- The first step in the development of any school activity involving students’ active development of, or production of a replica of, a Koorie cultural expression must be consultation with the Traditional Owners or Custodians of the land on which the school stands.
- The Traditional Owners or Custodians remain the owners of the Indigenous cultural and intellectual property (ICIP) rights used in the activity, and should be acknowledged as such in any published materials relating to the activity.
- The activity must not damage Koorie, and more broadly Aboriginal and Torres Strait Islander, cultural integrity.
If a task or unit will require students to actively develop or produce a replica of a Koorie, Aboriginal or Torres Strait Islander cultural expression, consultation with the Koorie, Aboriginal or Torres Strait Islander Community that owns the cultural expression is required.
If you are unsure about the need to consult or are seeking advice on appropriate local Koorie Community organisations, contact your local Koorie Education Coordinator or Victorian Aboriginal Education Association Inc (VAEAI)
Indigenous cultural and intellectual property
Indigenous Cultural and Intellectual Property (ICIP) rights must be respected. ICIP can cover many different forms of traditional culture and expression. Some of these are:
- Writing, e.g. a book, poetry
- Music, e.g. a song
- Performances, e.g. dance, ceremonies
- Artistic work, e.g. painting
- Tangible cultural property, e.g. sacred sites, burial grounds
- Intangible cultural property, e.g. stories passed on orally
- Documentation of Indigenous peoples’ heritage in all forms of media, reports, films, sound recordings. (Source: Artists in Black, Arts Law Information Sheet).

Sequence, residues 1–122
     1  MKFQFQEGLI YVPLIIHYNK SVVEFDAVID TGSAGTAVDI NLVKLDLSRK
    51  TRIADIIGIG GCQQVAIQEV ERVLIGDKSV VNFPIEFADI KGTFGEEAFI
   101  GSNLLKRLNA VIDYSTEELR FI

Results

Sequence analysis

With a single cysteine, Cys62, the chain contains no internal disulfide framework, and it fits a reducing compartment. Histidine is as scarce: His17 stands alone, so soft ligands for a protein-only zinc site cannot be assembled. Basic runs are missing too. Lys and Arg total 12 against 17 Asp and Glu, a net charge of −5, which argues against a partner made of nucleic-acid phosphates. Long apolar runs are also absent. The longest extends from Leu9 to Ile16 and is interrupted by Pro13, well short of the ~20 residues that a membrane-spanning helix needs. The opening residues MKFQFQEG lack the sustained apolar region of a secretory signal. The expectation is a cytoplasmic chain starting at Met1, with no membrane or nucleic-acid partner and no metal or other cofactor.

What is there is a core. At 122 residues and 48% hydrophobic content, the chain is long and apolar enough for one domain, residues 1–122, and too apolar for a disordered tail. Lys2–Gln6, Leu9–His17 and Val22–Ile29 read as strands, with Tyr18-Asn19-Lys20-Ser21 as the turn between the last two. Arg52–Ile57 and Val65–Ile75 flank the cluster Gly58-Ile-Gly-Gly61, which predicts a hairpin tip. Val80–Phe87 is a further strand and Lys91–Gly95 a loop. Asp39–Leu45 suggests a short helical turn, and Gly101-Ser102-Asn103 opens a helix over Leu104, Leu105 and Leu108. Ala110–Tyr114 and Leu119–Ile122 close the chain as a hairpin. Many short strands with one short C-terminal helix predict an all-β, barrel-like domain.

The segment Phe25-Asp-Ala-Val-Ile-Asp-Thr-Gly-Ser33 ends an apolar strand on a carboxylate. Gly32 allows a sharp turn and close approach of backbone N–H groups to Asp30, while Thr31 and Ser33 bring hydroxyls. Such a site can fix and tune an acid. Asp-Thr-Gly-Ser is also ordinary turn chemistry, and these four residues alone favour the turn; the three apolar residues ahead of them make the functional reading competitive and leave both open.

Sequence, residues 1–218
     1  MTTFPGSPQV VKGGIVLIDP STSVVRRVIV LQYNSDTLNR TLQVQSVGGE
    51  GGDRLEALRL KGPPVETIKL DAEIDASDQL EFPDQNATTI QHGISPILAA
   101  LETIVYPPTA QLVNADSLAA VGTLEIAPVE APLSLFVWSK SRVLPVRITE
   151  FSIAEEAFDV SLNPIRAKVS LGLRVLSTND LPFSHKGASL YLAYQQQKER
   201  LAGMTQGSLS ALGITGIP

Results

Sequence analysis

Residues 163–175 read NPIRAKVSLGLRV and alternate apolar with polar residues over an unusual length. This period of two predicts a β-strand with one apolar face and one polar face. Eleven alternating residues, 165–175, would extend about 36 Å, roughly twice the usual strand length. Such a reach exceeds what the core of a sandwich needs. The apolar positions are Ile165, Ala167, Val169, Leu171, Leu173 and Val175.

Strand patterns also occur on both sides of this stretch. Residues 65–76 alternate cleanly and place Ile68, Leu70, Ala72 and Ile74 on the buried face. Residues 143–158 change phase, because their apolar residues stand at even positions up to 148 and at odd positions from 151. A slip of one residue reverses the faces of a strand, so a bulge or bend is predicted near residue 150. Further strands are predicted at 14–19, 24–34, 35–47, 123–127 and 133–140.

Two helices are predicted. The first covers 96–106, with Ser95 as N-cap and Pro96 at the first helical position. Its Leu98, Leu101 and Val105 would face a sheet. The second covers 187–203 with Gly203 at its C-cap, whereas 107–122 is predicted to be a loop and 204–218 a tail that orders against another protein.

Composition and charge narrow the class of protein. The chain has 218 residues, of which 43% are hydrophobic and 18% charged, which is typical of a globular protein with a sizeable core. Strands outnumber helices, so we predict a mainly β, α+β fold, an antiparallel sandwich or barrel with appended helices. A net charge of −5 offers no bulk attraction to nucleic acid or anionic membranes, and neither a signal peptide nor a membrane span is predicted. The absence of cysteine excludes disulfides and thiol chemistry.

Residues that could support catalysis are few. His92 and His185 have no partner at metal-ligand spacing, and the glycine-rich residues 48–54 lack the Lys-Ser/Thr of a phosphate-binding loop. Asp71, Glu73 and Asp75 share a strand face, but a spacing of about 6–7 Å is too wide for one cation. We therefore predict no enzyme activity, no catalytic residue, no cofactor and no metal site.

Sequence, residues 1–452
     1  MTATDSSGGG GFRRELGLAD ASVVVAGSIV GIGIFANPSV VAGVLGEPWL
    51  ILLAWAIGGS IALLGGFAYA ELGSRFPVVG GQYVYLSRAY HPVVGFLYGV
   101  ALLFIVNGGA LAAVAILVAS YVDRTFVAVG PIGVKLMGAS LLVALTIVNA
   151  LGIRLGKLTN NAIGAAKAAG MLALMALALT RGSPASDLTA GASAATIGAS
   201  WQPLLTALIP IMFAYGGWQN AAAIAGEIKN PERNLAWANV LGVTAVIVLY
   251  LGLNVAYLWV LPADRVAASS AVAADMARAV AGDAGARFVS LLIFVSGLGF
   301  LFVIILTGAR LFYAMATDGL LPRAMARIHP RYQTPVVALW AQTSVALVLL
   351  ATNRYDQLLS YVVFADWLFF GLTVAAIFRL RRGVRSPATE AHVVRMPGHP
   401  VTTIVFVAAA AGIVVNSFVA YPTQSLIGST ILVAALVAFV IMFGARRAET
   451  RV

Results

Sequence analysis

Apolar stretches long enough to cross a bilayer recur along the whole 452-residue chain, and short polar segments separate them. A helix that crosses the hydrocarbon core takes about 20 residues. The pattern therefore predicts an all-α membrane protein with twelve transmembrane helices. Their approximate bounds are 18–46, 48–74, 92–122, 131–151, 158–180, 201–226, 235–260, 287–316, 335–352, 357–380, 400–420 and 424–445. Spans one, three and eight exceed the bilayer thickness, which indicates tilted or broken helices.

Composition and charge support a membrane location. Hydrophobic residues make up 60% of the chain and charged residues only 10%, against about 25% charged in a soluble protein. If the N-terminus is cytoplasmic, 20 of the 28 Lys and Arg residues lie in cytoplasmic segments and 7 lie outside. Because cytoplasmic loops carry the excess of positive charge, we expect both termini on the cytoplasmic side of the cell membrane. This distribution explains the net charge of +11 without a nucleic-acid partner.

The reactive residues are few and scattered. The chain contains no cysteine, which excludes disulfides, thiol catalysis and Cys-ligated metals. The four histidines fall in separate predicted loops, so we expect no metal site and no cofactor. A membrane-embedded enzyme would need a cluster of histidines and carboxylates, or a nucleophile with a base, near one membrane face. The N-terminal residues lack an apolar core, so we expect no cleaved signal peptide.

For more information, see:
Your free Aboriginal and Torres Strait Islander resource
Did you know the Dandiiri Schools and Community Library in Brisbane serves schools all around Queensland?
Dandiiri Library is a valuable, state-wide resource reflecting all aspects of Aboriginal and Torres Strait Islander culture and history.
Schools can access fiction and non-fiction books, DVDs, puzzles, puppets, toys, kits, artefacts and teacher reference materials, all with an Indigenous focus.
The library’s knowledgeable staff can help teachers embed Aboriginal and Torres Strait Islander perspectives across the curriculum in authentic and meaningful ways. Dandiiri is also an excellent source of materials on topics such as Reconciliation, the Stolen Generation, Native Title and NAIDOC week.
Membership for schools and teachers is free. Visit the Dandiiri Library page for more information.
South Australian Moodle – new resources and units